Letter to the Editor: Summit County is a tough place to live, but nonprofits are here to help

Brianne Snow
Family & Intercultural Resource Center

With one of the highest costs of living in the state, Summit County is a difficult place to live. Food, stable housing, childcare and health care are basic needs that one in four Summit County households struggle to afford, according to the Center on Law & Policy.

According to Feeding America reports, one in 13 residents experience hunger, and of those 2,460 residents, one in three do not qualify for food programs like the Supplemental Nutrition Assistance Program and Special Supplemental Nutrition Program for Women, Infants, and Children. Fear of taking resources away from others, stigma, work schedules and transportation barriers prevent people from using food resources, like the Family & Intercultural Resource Center’s Community Food Markets. Our agency strives to address these barriers and increase access to food.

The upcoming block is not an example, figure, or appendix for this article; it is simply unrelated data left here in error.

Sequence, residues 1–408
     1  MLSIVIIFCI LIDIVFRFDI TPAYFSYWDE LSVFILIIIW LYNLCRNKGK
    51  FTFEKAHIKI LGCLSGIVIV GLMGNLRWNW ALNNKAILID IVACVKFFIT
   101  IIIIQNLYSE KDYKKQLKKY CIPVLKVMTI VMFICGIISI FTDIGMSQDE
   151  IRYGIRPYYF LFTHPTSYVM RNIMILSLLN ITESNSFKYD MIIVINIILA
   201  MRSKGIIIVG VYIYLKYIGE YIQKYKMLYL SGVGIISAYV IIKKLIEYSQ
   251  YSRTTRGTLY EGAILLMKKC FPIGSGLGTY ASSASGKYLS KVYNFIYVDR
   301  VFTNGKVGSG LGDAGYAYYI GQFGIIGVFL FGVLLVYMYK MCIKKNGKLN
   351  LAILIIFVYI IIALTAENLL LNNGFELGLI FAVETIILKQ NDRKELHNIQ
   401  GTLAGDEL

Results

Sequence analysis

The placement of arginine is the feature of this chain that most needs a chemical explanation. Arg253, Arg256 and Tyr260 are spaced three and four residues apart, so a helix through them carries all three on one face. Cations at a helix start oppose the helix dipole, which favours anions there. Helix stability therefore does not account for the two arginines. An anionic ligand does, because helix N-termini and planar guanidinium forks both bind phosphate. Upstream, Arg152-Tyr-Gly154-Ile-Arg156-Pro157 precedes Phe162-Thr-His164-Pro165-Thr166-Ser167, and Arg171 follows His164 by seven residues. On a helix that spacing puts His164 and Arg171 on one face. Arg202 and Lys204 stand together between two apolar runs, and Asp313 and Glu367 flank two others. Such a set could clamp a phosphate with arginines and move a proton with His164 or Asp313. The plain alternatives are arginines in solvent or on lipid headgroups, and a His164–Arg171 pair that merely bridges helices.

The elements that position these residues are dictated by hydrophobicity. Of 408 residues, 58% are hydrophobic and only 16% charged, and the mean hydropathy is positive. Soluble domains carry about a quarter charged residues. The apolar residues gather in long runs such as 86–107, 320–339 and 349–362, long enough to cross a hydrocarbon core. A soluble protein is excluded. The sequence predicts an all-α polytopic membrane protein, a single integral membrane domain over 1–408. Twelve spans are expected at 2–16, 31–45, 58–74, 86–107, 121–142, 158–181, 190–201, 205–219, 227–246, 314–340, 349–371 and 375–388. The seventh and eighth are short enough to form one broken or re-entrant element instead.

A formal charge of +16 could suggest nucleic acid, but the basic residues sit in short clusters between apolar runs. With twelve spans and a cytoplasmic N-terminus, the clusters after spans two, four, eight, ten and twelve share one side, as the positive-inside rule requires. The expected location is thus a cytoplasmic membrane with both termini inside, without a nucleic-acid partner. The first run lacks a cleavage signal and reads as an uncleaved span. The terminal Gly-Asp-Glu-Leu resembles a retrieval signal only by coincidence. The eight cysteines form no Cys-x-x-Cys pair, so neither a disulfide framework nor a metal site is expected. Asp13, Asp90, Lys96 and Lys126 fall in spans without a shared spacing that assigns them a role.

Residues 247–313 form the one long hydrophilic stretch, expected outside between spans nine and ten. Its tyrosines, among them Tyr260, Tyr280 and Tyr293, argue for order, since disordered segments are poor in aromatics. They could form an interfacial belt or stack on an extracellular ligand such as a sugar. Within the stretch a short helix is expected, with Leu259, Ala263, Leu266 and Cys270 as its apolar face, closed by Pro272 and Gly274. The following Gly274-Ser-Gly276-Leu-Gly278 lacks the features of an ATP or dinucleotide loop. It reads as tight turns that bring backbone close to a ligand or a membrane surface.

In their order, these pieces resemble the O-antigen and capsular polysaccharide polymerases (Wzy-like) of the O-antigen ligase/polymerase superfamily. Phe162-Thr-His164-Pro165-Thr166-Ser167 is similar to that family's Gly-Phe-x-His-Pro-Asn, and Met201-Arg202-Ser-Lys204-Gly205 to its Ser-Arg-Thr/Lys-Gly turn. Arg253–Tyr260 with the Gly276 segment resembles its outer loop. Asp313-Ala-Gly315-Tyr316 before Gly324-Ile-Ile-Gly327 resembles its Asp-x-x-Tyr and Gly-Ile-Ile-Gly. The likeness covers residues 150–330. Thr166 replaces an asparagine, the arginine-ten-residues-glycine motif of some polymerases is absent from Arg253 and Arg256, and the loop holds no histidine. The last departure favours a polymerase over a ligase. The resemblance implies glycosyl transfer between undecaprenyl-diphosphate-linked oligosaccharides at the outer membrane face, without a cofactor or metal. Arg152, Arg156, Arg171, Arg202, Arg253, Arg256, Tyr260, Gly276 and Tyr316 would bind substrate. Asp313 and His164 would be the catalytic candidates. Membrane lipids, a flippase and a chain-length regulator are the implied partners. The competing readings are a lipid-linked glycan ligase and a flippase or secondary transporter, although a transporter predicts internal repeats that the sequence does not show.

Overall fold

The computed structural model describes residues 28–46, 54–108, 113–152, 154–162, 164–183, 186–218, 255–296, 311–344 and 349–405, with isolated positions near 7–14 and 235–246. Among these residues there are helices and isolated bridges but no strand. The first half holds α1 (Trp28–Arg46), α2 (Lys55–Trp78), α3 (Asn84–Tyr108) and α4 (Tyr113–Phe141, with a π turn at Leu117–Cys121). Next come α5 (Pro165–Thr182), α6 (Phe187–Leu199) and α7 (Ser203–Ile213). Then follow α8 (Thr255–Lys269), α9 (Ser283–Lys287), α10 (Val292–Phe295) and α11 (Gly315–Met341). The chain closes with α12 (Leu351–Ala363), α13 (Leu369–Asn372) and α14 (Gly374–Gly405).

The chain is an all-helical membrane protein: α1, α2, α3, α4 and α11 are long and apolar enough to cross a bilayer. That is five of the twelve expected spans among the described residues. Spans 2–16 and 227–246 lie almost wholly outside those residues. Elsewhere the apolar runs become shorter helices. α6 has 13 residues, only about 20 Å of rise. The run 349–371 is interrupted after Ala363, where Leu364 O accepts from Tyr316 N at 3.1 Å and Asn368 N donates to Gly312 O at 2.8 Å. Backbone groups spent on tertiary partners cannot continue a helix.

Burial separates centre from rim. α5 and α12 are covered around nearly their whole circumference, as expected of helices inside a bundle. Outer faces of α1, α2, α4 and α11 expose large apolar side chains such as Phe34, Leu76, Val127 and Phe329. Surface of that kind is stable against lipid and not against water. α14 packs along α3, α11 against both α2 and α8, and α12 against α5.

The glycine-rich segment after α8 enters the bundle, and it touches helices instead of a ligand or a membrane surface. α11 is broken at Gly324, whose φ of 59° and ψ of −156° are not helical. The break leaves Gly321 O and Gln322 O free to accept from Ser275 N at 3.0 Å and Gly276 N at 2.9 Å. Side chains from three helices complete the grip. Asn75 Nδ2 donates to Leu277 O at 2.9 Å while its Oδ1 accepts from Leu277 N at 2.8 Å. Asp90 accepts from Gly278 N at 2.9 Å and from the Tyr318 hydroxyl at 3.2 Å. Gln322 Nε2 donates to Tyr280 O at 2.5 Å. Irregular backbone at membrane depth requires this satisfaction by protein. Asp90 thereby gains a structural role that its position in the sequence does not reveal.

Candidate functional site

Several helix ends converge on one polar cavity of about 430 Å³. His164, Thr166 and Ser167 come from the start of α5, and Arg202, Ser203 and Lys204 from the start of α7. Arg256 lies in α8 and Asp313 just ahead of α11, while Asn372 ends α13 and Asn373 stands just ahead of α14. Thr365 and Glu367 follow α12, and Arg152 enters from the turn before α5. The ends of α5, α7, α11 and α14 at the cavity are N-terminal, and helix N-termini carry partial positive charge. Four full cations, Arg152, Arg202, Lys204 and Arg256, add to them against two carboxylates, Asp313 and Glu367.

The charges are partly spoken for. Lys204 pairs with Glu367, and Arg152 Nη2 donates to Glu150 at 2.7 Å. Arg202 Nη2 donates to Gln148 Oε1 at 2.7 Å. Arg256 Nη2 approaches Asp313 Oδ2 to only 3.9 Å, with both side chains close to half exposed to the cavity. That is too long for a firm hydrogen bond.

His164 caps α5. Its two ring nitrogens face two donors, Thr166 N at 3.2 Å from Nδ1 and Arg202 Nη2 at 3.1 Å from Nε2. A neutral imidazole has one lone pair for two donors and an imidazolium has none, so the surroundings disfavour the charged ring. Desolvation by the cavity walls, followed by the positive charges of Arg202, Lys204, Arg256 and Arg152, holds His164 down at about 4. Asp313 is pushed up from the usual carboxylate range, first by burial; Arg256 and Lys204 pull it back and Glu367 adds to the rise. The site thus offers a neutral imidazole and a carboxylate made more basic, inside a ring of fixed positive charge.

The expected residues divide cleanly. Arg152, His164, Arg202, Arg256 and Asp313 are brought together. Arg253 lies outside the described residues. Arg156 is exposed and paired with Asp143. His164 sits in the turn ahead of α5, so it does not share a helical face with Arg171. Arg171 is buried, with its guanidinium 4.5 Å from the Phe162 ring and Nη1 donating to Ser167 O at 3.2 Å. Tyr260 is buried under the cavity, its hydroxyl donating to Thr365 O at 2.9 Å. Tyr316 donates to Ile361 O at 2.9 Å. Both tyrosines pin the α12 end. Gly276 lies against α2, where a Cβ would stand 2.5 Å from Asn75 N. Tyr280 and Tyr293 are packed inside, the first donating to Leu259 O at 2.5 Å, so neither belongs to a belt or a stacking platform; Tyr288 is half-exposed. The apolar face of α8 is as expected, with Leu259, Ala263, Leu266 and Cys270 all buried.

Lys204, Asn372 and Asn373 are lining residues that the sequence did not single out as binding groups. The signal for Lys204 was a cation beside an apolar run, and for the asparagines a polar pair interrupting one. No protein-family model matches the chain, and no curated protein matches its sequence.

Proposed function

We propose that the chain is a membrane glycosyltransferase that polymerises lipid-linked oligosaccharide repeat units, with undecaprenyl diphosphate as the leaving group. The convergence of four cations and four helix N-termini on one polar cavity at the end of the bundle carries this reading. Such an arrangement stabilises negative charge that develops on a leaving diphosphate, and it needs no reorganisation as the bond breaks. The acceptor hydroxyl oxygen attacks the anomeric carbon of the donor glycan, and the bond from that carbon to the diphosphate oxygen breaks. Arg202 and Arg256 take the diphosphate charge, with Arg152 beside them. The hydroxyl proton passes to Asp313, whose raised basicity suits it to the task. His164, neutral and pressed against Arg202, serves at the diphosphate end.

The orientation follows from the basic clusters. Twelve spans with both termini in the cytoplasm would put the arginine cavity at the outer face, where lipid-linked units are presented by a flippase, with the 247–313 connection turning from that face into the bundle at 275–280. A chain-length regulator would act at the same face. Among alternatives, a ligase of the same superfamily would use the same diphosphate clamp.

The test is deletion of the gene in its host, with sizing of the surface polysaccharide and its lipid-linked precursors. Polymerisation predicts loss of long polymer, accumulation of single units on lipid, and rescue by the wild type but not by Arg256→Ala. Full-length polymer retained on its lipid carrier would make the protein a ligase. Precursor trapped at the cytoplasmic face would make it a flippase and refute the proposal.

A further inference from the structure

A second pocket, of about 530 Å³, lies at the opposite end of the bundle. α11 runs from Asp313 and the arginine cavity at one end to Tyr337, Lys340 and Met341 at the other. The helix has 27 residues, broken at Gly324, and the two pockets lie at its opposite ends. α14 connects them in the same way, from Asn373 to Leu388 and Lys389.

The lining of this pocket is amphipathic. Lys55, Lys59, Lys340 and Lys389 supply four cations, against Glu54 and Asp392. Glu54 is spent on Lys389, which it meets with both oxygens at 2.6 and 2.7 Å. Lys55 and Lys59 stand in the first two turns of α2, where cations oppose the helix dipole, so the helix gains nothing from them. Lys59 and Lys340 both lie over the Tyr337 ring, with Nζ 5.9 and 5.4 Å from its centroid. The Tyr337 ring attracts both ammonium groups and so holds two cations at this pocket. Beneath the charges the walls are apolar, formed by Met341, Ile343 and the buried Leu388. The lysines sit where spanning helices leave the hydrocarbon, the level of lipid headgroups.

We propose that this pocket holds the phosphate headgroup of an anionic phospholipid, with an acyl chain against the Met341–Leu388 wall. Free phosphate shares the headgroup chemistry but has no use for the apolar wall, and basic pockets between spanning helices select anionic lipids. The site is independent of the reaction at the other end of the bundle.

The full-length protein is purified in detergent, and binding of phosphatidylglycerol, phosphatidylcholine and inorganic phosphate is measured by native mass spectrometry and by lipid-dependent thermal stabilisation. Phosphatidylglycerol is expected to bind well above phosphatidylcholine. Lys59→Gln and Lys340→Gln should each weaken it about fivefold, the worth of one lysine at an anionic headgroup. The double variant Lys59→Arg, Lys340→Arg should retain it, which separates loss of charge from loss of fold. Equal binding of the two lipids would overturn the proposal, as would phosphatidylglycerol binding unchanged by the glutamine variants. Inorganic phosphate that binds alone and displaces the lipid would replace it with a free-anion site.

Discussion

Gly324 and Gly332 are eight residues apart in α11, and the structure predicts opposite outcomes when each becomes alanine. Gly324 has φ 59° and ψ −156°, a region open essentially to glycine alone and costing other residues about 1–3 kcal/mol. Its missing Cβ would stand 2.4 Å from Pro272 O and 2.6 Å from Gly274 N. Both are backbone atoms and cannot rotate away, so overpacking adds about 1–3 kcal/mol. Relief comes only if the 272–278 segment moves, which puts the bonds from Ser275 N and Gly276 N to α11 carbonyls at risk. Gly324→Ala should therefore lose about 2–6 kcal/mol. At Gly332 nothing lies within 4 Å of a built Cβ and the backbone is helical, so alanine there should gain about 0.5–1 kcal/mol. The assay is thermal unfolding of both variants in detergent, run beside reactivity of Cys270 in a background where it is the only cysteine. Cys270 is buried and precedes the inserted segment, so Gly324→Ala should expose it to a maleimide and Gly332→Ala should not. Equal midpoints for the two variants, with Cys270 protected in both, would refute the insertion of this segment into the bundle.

Feedback from the Food Equity Coalition led to changes in branding, outreach strategies, operating hours, food choice and how shoppers fill their carts. Located in Dillon and Breckenridge, the resource center’s Food Markets offer the choice of fresh produce, meat, eggs, dairy, canned/dry goods, toiletries, feminine products, diapers and baby formula. If you live or work in Summit County, we invite you to stop by Tuesday through Thursday to save $175.00 a week in groceries.

The agency distributed $800,000 worth of food to the community last year. This would not have been possible without support from partners, including Vail Resorts. Epic Promise supported our nonprofit’s parenting program for a decade but shifted in response to the pandemic to focus on community food systems. Vail Resorts believes in our mission and are proud sponsors of our fashion show on June 10. We appreciate Vail Resorts and all our community partners.

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